The Promise of Space and Other Stories by James Patrick Kelly
I’m really not a huge sci-fi reader, but I enjoyed this collection very much! Kelly is skilled at short stories, and several of these tales blend genres. Really fun, thought-provoking, and entertaining!
The Anonymous Girl by Greer Hendricks
“When Jessica Farris signs up for a psychology study conducted by the mysterious Dr. Shields, she thinks all she’ll have to do is answer a few questions, collect her money, and leave. But as the questions grow more intense and invasive and the sessions become outings where Jess is told what to wear and how to act, she begins to feel as though Dr. Shields may know what she’s thinking…and what she’s hiding.” (jacket description)
Maine Becomes a State: The Movement to Separate Maine from Massachusetts by Ronald F. Banks
A very timely book with the upcoming bicentennial!
Midnight Chicken began as a blog, where Risbridger used cooking, writing, and feeding herself and those she loved as a way to pull herself out of a depression. Her recipes are the type of cooking you can do “a little bit drunk,” the cozy kind, the after-work kind. It’s food that you can craft out of what you have in your pantry or fridge.
But this is more than a cookbook. Recipes are included, of course, but it’s the writing style and the emotions that really pull you in.
Risbridger’s writing is so elegant and evocative, you feel that you’ve been pulled from a scene whenever you put the book down, and you remember the imagery as if you were there. Her descriptions of London fog, of sitting at the table as a child and looking at next door’s chickens, it’s all so gorgeously rendered.
And then there’s the depiction of food! I’ve read and enjoyed lots of food writers, bloggers, and cookbook authors, and Risbridger is truly my kitchen soulmate.
Elisa Cunningham’s art is perfect, too:
If you need even a little saving, as we all do sometimes, give this book a try. You can also read Risbridger’s writing over at her blog, Eating With My Fingers, if you’re like me and wanted more of her work.
IT’S OFFICIALLY SUMMER!! For all your summer reading needs, here are our staff favorites of the year so far. Enjoy by the lake, by the pool, in a hammock, on the porch, at the beach, and wherever else your summer takes you!
The Invited by Jennifer McMahon
1861: The Civil War Awakening by Adam Goodheart
Neck and Neck by Elise Parsley (picture book)
The Truth as Told By Mason Buttle by Leslie Connor (middle grades)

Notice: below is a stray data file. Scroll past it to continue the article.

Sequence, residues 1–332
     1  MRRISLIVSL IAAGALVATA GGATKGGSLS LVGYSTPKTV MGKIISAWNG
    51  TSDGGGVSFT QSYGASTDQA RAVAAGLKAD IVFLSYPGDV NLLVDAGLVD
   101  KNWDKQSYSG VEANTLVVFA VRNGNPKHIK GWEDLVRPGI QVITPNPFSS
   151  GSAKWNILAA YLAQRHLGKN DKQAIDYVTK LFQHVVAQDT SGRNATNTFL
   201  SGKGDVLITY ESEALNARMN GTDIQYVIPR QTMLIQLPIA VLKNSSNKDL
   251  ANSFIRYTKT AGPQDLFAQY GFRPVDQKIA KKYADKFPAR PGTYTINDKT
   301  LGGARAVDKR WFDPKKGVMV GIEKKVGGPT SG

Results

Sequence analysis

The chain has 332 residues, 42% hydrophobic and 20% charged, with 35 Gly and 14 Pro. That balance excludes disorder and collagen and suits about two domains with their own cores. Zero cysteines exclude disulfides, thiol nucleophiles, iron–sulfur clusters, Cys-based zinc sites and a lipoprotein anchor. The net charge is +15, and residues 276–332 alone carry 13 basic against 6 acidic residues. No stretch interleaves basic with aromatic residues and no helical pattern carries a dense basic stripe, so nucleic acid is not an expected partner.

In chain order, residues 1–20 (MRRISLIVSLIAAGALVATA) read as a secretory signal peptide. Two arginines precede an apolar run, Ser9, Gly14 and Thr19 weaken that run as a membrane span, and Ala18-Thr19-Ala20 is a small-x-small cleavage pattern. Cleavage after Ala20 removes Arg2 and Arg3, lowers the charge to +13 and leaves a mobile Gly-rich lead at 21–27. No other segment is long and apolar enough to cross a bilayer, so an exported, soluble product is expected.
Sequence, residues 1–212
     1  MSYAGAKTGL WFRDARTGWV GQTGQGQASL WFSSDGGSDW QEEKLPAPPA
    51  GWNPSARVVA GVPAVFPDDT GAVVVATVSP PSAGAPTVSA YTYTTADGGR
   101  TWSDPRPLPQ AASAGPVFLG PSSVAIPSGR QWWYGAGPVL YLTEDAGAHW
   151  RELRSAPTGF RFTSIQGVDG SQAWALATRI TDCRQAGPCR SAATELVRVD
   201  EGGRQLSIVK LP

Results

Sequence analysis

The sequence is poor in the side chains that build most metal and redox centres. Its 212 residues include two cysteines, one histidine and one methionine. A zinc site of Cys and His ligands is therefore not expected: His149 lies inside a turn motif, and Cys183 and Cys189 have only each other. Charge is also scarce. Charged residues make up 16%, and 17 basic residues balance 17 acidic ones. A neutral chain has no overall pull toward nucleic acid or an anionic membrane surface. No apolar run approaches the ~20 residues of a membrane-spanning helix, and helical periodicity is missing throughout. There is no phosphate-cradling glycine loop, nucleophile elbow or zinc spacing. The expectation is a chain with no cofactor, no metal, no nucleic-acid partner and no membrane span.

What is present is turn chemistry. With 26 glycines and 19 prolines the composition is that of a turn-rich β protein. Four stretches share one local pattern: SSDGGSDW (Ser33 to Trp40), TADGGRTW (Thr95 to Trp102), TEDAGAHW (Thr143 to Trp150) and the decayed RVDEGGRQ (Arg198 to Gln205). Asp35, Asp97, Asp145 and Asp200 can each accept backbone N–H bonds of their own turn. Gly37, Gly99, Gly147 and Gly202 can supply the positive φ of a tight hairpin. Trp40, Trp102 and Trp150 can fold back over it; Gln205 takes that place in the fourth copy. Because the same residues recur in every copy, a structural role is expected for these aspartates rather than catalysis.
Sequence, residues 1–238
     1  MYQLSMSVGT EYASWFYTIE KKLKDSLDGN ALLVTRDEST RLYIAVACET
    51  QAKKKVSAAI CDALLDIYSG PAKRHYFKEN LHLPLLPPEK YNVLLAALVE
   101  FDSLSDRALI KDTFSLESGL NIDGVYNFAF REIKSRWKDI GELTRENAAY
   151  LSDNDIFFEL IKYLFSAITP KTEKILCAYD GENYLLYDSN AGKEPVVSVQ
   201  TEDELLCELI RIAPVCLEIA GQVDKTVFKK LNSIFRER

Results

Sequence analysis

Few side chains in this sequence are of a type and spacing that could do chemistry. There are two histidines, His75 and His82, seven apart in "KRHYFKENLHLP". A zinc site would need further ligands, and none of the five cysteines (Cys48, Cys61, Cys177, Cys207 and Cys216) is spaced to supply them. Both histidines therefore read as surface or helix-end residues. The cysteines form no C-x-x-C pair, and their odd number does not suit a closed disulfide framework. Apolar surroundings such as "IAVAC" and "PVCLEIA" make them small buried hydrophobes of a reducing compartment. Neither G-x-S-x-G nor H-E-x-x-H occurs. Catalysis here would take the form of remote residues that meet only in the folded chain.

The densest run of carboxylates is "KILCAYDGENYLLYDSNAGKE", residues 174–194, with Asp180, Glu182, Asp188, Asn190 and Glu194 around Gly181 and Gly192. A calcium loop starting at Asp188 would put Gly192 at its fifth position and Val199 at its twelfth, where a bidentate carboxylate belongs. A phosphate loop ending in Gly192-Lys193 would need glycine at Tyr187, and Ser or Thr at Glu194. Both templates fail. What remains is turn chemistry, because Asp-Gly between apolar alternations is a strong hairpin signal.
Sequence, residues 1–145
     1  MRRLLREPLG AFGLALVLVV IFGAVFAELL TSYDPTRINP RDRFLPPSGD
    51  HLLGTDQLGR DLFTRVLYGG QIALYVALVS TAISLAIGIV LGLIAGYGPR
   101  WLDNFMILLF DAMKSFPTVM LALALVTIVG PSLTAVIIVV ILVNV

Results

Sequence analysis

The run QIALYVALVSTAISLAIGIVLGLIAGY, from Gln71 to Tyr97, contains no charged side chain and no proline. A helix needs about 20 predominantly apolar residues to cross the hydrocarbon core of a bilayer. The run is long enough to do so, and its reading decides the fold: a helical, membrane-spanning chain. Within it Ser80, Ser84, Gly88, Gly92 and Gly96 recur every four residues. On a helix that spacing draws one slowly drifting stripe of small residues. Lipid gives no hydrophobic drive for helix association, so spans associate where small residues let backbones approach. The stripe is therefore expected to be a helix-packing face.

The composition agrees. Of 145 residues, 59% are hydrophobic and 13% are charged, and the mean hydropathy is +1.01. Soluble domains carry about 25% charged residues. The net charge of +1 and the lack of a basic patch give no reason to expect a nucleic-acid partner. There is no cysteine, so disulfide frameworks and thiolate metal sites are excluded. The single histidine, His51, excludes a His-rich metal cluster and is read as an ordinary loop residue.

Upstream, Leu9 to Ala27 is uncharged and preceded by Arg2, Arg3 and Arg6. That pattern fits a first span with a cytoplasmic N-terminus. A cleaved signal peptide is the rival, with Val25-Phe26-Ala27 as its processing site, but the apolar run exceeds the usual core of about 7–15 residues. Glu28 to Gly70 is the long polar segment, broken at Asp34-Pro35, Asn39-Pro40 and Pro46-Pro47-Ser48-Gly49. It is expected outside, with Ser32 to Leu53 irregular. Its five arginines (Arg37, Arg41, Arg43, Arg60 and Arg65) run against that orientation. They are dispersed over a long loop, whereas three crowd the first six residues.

The Traitor Prince by C.J. Redwine (young adult)
It’s Not Yet Dark by Simon Fitzmaurice (adult memoir)
The Line Becomes a River by Francisco Cantu
Educated by Tara Westover
The Immortalists by Chloe Benjamin
Sudden Sea: The Great Hurricane of 1938 by R.A. Scotti
Island of the Mad by Laurie R. King
The Discovery of Witches by Deborah Harkness
Circe by Madeline Miller
The Last Painting of Sara de Vos by Dominic Smith
Circe by Madeline Miller
The Library Book by Susan Orlean
Miss Kopp Just Won’t Quit by Amy Stewart
I love the Kopp sisters novels–I’d somehow missed this one! In this installment it’s 1916 and an election year, and Constance Kopp will soon find herself working (or not) for a new sheriff. Her relationship with Sheriff Heath and the ins and outs of the election make up the meat of the story, though Kopp also has to rescue a woman falsely committed to an asylum. The ending has the sisters facing a new adventure and an uncertain future on the brink of war. Another wonderful entry in the series, can’t wait for the next!
Stella Fortuna is either the luckiest or unluckiest person in the world–she’s survived seven (or eight, depending how you count) near-death experiences. Now nearly a century old, her last near-death experience in 1988 left her partially lobotomized and hating her younger sister, Tina. Our narrator sets out to hear about the family history and try to uncover why this rift happened.
The tone is very chatty, very much the feeling of sitting at a kitchen table and hearing gossipy and dramatic family stories. Our narrator is never identified by name, but she’s one of Stella’s granddaughters, and the whole book leaves you feeling that you’re being let in on family secrets, some of them very dark and sad.
The characters, Stella especially, are great. Because of the family story aspect, there’s something almost mythical about them. There’s a bit of distance, and all of their attributes, good and bad, are larger than life. Grames sets this tone in her family tree included at the beginning of the book, with her little notes on who each character is (and thank goodness for that family tree! It’s essential for keeping everyone straight).
Grames richly describes her settings, from Calabria’s mountain villages to immigrant neighborhoods in Connecticut. There’s great texture to her storytelling, a wonderful sense of place.
This novel is also about the immigrant experience, an incredibly timely topic. Speaking to us in the present, the narrator mentions how now there are immigrants desperate to get into Italy, instead of out of it. The times and places change, but not the reasons for immigrating or the need for basic humanity and compassion.